Japanese neologisms in Chinese: Revisiting Japanese loanwords in Chinese and implications for the general loanword theory (2023)





Chinese loanwords, Japanese loanwords in Chinese, graphic loans, World Loanword Database, meta-study, classification


Japanese loanwords in Chinese are currently not accepted as legitimate loanwords in the general loanword framework (Haspelmath and Tadmor, 2009a), mainly because they are considered to be graphic loans (Masini, 1997; Tranter, 2009) and not sound-meaning borrowings. This paper formulates a counterargument, developed mainly from the perspective of the Chinese scholarship: it focuses on how graphemic borrowing impacts the judgment of loanwordness and the types of resolving strategies that have been developed. The origin of word form, word meaning, and the pathways of historical borrowing particularly stand out as non-linguistic factors of loanwordness. Based on a metaanalysis of 25 studies of Japanese loanwords in Chinese, the authors propose a typology of Japanese loanwords in Chinese that bridges the Western and the Chinese frameworks. To put forward a concrete example, we compile a list of 2,920 Japanese loanwords in Chinese, which are discussed by at least three scholars, ordered by degrees of agreement within the Chinese scholarship. We compare this list against the vocabulary list of the World Loanword Database and demonstrate that Wiebusch and Tadmor (2009), in ignoring Japanese loanwords, also omits numerous loanwords in Chinese. We echo Tranter (2009) in arguing that Japanese loanwords in Chinese can be classified as material borrowing, putting graphemic borrowing on the same footing with phonetic borrowing, since graphemic borrowing is not limited to, though preferred by, the Chinese writing system. We demonstrate this by comparing how writing systems impact borrowing.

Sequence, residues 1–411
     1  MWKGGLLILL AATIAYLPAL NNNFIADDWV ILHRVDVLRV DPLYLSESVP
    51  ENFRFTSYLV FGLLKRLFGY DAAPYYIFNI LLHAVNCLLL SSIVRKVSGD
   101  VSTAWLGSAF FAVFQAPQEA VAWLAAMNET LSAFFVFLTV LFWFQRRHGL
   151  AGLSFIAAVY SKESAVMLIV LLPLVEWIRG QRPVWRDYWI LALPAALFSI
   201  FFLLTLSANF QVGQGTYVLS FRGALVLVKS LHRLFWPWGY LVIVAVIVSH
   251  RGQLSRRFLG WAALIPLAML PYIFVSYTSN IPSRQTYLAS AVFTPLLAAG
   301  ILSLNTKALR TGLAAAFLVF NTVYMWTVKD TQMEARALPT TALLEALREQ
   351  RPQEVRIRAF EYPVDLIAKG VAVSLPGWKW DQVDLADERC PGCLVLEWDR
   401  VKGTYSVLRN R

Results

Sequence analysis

Author Biographies

Christian Schmidt, National Taiwan University

Christian Schmidt: PhD program in Linguistics at National Taiwan University.

Chien-shou Chen, Academia Sinica, Taiwan

Chien-shou Chen: Institute of Modern History at Academia Sinica, Taiwan.


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